• Increasingly Frequent Wildfires Linked to Human-Caused Climate Change: Study

    New research strengthens the case that climate change has been the main cause of the growing amount of land in the western U.S. that has been destroyed by large wildfires over the past two decades.

  • 2021’s Climate Disasters Revealed an East-West Weather Divide, with One Side of the Country Too Wet, the Other Dangerously Dry

    Alongside a lingering global pandemic, the year 2021 was filled with climate disasters, some so intense they surprised even the scientists who study them. Many of these extreme weather events have been linked to human-caused climate change, and they offer a glimpse of what to expect in a rapidly warming world. In the U.S., something in particular stood out: a sharp national precipitation divide, with one side of the country too wet, the other too dry.

  • Has Winter Blown Off Course?

    What in the world is going on in the West? Some say that climate change has affected this year’s winter in the Western region of the country, while others are wondering what the lack of snowpack might mean for regional water supply, which is already in a precarious state.

  • New Tool Pinpoints Natural Disaster Risk Down to County Level

    NOAA has released an innovative mapping tool that provides county-level information on natural disaster hazards across the United States. This new feature provides significant enhancements to the state-level data on NOAA’s Billion-Dollar Disasters website.

  • Tornadoes and Climate Change: What a Warming World Means for Deadly Twisters and the Type of Storms That Spawn Them

    The deadly tornado outbreak that tore through communities from Arkansas to Illinois on the night of Dec. 10-11, 2021, was so unusual in its duration and strength, particularly for December, that a lot of people including the U.S. president are asking what role climate change might have played – and whether tornadoes will become more common in a warming world. Both questions are easier asked than answered, but research is offering new clues.

  • On the Move: How Nations Address Climate-Driven Migration

    One of the most consequential human responses to climate change is and will continue to be the mass movement of people. Rising temperatures which reduce agricultural opportunities can lead to mass migrations away from struggling communities. As the environmental impacts of climate change increase in scope and severity, more and more people will move to new places to preserve or enhance their lives and livelihoods. How do nations address, and plan to address, the growing wave of migrants fleeing their home countries in search for better living conditions?

  • Storm Drains Keep Swallowing People During Floods

    An alarming number of people (especially children) have drowned after disappearing into storm drains during floods. The deadly problem should be easy for federal, state and local government agencies to fix, but tragedy strikes again and again.

  • Texas Energy Regulators, Gas Industry Try to Reassure the Public That the State’s Power Grid Is Ready for Winter

    As state regulators and the companies that power the grid take steps to avoid another catastrophe like February’s winter storm, climate experts say this winter will likely be milder.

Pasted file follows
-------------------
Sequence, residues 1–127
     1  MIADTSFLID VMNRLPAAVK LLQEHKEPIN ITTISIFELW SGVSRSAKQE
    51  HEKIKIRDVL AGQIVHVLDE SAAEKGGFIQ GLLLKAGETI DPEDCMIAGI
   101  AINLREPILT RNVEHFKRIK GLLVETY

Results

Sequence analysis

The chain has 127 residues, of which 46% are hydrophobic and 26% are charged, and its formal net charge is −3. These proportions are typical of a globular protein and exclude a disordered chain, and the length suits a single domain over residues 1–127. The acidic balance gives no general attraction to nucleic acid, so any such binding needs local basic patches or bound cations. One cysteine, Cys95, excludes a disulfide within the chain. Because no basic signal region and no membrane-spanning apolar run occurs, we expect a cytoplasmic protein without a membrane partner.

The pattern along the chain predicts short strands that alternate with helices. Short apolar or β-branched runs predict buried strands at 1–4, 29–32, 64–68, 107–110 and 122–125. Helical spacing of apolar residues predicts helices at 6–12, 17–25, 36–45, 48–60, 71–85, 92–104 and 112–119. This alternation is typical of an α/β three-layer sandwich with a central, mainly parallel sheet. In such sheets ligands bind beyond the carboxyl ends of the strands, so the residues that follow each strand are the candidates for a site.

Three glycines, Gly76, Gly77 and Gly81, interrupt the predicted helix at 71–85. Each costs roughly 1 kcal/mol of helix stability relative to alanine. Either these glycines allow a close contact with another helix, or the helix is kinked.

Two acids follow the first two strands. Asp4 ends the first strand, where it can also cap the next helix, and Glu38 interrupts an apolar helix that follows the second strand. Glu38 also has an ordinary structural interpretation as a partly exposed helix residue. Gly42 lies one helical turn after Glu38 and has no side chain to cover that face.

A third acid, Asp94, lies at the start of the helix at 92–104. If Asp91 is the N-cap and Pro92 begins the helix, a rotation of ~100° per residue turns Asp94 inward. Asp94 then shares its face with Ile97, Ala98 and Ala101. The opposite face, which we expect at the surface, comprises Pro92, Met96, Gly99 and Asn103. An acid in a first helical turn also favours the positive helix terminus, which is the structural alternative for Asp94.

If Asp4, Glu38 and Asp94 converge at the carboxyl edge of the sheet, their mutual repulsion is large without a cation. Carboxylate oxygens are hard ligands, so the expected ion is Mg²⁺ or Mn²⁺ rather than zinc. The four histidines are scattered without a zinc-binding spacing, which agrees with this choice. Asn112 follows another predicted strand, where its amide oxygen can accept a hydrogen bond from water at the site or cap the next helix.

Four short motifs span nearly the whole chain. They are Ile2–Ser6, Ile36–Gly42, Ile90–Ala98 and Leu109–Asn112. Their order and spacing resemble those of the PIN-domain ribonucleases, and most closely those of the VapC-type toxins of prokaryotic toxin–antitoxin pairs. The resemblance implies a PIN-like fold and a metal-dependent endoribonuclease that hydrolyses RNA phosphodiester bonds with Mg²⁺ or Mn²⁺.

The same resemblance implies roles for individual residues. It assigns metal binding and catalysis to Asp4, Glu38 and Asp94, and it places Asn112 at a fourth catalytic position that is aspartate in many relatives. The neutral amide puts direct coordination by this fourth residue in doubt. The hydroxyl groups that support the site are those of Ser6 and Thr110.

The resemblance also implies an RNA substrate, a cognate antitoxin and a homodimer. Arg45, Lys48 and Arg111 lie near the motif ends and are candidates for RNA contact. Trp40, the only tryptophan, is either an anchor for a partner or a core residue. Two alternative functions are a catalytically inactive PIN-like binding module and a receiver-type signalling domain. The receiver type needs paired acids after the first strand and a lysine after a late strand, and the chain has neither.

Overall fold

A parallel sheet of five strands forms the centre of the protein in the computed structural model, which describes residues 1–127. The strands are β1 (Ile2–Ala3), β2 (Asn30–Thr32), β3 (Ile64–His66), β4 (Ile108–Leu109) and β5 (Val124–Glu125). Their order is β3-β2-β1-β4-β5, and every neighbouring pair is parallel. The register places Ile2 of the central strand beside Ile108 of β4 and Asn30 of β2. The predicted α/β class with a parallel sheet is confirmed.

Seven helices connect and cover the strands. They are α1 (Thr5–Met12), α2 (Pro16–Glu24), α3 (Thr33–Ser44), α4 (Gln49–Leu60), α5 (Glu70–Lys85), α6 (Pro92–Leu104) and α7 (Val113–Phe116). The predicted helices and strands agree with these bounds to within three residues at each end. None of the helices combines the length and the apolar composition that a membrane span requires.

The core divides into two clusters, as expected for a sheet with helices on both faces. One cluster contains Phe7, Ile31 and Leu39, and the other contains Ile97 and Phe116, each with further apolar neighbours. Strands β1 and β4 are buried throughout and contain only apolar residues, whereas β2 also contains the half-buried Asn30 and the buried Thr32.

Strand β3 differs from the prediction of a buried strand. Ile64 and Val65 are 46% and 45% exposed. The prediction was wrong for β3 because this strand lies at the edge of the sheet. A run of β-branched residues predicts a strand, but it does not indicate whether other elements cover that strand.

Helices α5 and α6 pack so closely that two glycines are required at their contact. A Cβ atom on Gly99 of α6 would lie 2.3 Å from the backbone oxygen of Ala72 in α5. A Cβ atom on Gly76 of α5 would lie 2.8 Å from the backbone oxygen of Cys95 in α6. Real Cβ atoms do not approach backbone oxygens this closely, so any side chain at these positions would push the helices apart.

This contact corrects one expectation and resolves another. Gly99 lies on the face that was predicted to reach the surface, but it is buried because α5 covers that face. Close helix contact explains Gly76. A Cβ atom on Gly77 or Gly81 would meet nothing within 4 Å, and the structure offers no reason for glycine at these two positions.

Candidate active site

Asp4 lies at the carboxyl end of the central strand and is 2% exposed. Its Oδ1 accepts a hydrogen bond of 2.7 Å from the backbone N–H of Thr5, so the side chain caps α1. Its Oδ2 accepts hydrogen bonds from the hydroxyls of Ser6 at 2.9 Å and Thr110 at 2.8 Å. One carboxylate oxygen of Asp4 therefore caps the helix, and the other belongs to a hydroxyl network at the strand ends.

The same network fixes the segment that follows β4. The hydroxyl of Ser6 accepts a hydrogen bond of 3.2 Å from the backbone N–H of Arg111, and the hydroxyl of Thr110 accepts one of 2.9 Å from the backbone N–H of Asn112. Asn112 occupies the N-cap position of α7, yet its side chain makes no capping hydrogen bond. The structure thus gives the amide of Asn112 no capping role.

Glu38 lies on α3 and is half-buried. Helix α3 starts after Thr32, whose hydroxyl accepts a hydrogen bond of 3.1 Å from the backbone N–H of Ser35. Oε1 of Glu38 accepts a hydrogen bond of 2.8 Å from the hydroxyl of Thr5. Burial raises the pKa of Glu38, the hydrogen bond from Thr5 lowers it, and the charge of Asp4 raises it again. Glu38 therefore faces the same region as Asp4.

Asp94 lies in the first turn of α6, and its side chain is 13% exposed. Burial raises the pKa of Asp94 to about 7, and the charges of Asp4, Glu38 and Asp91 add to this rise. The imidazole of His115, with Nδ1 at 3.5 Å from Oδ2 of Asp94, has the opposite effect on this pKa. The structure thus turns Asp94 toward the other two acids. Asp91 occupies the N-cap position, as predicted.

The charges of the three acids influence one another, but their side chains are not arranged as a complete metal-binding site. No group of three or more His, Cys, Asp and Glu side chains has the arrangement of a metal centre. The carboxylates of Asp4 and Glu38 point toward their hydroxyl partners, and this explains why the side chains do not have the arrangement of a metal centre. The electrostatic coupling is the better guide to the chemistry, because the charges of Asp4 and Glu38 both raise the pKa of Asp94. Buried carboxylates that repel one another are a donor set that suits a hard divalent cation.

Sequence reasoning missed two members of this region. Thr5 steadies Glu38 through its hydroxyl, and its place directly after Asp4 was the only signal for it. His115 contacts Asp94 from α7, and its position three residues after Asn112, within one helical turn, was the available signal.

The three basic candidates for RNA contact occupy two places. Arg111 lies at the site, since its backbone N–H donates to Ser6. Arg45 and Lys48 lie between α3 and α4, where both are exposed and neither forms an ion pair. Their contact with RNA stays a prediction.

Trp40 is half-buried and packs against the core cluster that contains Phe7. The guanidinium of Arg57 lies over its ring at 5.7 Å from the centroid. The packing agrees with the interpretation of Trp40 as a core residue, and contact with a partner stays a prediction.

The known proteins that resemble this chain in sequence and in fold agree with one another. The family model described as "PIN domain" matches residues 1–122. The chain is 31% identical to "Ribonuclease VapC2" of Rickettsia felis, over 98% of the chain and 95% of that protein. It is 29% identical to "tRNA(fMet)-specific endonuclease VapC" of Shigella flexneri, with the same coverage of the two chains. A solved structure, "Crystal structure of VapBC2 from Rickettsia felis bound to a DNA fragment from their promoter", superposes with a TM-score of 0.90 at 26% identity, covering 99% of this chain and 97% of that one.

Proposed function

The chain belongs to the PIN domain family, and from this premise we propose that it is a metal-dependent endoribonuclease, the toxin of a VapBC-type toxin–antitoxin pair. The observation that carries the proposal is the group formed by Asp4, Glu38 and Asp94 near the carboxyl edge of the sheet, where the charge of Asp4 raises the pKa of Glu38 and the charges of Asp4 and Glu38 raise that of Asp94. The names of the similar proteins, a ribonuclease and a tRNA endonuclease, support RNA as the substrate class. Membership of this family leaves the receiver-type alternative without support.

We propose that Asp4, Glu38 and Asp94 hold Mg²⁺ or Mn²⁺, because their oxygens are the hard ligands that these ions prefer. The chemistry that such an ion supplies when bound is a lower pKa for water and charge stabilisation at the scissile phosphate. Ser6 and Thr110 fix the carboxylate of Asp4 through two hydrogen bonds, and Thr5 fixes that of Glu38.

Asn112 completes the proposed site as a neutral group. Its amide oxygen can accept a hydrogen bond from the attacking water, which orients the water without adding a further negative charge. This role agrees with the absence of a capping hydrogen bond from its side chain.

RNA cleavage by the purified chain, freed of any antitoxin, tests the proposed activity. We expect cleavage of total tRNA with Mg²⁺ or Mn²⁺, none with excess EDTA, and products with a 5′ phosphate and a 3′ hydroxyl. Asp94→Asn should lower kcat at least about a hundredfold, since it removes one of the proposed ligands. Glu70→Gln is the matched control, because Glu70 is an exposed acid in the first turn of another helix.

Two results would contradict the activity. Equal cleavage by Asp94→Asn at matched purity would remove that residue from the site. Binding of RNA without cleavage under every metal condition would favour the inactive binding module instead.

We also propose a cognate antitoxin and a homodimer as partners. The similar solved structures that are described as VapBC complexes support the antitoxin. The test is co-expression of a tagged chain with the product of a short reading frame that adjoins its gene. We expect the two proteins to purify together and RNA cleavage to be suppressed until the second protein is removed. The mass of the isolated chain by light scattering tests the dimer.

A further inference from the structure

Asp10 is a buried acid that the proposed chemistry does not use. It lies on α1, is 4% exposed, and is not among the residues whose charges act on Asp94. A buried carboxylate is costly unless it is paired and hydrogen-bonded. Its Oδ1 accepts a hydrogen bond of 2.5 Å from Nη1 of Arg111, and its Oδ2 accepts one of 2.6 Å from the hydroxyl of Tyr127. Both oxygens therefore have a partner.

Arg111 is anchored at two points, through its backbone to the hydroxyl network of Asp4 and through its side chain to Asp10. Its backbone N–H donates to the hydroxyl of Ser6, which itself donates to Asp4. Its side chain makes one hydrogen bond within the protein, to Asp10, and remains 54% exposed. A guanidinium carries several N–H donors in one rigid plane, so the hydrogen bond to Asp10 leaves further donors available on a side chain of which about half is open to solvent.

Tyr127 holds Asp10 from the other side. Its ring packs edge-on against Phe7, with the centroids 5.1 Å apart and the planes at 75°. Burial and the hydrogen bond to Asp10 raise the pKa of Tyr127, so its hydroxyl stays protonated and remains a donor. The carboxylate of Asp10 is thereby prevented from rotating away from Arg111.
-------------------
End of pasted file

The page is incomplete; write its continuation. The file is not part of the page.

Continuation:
• Helping Calculate Likelihood of Worst-Case Scenarios

    If you had to guess, what would you think is most likely to end all life on Earth: a meteor strike, climate change, or a solar flare? New statistical method could help accurately analyze low-probability, high-risk events such as earthquakes, pandemics, or meteor strikes.

  • Community-Based Solutions to Enhance Disaster Resilience

    The NSF announced a $15.9 million in awards to teams to conduct and evaluate ready-to-implement pilot projects that address community-identified challenges. A significant portion of the funds was awarded to projects focusing on resilience to natural disasters in the context of equipping communities for greater preparedness to and response after disasters such as floods, hurricanes and wildfires.

  • Ground Improvement Technique Ahead of Earthquakes

    Helping engineers better understand and predict the “liquefaction” hazard during earthquakes and more reliably mitigate it.

  • Preventing and Responding to High-Consequence Biological Threats

    A new report offers actionable recommendations for the international community to bolster prevention and response capabilities for high-consequence biological events.

  • The U.K. Government’s Preparedness for COVID-19: Risk-Management Lessons

    A new report from the U.K. National Audit Office (NAO) examines the government’s risk analysis, planning, and mitigation strategies prior to the arrival of the COVID-19 pandemic. The report notes that the pandemic has exposed a vulnerability to whole-system emergencies – that is, emergencies which are so broad that they require the engagement of the entire system.

  • Balance of Power—Building a Resilient Electric Grid

    Events such as blackouts and outages are increasing in frequency as the nation’s infrastructure ages and climate change leads to extreme weather events. Hotter, wetter summers and harsher winters require more reliance on heating and cooling utilities, placing higher stress on the nation’s electric grid. Newtechnology can ‘help keep the lights on’ during emergencies.

  • Microgrids May Hold the Key to Grid Resilience

    The aging energy grid is being pushed to the breaking point. Power outages from extreme weather alone cost anywhere from $2 billion to $77 billion per year. And some isolated communities still rely on diesel generators for electricity, since powerlines don’t reach them. Grid expansion isn’t an option—in most cases, the economics don’t make sense. When the main grid falls short, the right mix of renewables offers local, low-carbon power.